But they’re clearly missing on the inflation side, and they’ve told us, exceptionally clearly, they will focus on getting inflation back towards trend, at the cost of growth. All right. As they look out, as Ben has alluded to over the long period of time, we have to have price stability before you can get growth stability and maximum employment, so long as we see inflation not returning to the 2 percent fed target, I think that they’ll be continued to, to push towards additional, additional hikes. Now it’s a balance that, we’ve talked a little bit about, right? We continue to see a recession coming, and I think the fed does, too. So, at some point, they’re happy to pause for a very prolonged period of time. But the last piece that I just want to continue to talk about and reassert is, I think the fed is willing to tolerate above-trend inflation, but it’s the composition of that inflation that really matters. Predominantly where we’ve seen that stall, is in the cost of labor and most of that is coming from low-wage income earners. The feds more willing to, to tolerate that continued push and elevated inflation if it comes from compressing the wage gap. So they don’t have to get back, directly, to 2 percent, which is their long-term objective but even at today’s levels of close to 4 percent, I think it’s still too high for the fed, and I do continue to expect at least one more hike from them.

Adam Sparkman:        Okay. Jeff, last time we discussed that really that’s core fixed income is an exercise in balance-sheet investing.  when investing, I know that you and your team consider, really the three central, central balance sheets, government, corporate and consumer. In a variety of ways, each is showing some signs of decay. Given this precarious environment, where are you seeing the best relative-value opportunities across the fixed-income landscape?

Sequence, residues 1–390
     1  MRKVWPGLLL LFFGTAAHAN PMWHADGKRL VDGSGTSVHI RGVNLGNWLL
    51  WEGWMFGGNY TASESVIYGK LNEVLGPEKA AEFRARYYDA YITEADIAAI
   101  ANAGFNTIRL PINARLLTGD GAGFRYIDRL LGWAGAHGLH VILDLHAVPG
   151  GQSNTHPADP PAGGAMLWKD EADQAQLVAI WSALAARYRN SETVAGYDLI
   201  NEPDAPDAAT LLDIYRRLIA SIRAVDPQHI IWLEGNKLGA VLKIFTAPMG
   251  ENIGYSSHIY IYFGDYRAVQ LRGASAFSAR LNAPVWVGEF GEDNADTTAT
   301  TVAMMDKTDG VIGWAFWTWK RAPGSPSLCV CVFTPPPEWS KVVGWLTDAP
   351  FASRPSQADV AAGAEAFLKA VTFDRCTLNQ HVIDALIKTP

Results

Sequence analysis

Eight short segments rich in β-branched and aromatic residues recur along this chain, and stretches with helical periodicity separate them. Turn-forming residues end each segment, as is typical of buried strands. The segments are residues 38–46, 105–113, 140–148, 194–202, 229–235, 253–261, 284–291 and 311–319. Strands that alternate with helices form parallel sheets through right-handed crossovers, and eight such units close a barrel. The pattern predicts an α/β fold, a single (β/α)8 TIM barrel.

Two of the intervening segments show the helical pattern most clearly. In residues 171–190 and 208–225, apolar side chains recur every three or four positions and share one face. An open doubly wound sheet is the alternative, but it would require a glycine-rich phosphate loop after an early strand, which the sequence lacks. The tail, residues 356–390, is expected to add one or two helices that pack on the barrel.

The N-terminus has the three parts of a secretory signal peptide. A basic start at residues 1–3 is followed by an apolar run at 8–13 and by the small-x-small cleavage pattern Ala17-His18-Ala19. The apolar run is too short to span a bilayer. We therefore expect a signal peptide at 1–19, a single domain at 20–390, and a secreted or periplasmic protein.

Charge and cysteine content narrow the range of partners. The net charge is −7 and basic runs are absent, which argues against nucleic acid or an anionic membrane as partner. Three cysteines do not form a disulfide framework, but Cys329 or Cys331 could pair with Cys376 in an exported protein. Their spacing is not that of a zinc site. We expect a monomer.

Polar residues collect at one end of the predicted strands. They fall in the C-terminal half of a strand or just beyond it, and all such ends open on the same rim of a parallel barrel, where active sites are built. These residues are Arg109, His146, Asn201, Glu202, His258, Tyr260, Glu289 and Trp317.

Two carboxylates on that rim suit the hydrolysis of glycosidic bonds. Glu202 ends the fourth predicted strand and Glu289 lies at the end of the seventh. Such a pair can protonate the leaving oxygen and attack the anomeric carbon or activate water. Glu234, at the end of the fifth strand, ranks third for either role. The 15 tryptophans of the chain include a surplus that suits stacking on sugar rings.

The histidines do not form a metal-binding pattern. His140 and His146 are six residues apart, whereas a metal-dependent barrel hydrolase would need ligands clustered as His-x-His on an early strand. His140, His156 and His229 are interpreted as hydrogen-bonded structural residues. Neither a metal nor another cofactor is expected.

Jeff Klingelhofer:        Yeah, I think for a long while we had really liked the consumer balance sheet, but in today’s environment, we are seeing that deteriorate, perhaps the most rapidly.

It’s a little bit of a tug-of-war between whether the consumer’s deteriorating at a faster pace or, or, or the government balance sheet’s deteriorating in a faster pace, but we continue to believe that the government balance sheets, amongst, certainly amongst the, the developed economies, aren’t really a challenge. At this point in the cycle, what we want to do is focus on forward-looking metrics. We’ve talked about the, the boon of low-interest rates. We think that’s come to an end. It allowed consumers to significantly expand their balance sheet coming out of the GFC and allowed them to pull a lot of demand forward, but it’s been alluded to, now they’re feeling the pain of higher mortgage rates, higher financing costs across the board. Corporations are a little bit more of a balancing act, in the sense that the very highest quality companies have actually seen an improvement in their balance sheets because they’ve got a lot of cash.

So, they’ve termed out their debt at very low levels, and the cash today is yielding 5-and-a-half, or even potentially 6 percent but all of that, too, will catch up, as they have to refinance. So, I’d say mostly what we’re focused on is a move from lower quality, either companies or consumers, into the higher-quality space amongst both of those, more acyclically-oriented as well as what we want to do within the portfolios, is we want to move that form of credit volatility under the shorter-duration spectrum, and we want to focus on some of the longer interest-rate volatility, things like U.S. Treasuries and agency mortgages as a ballast to some of that short-credit volatility.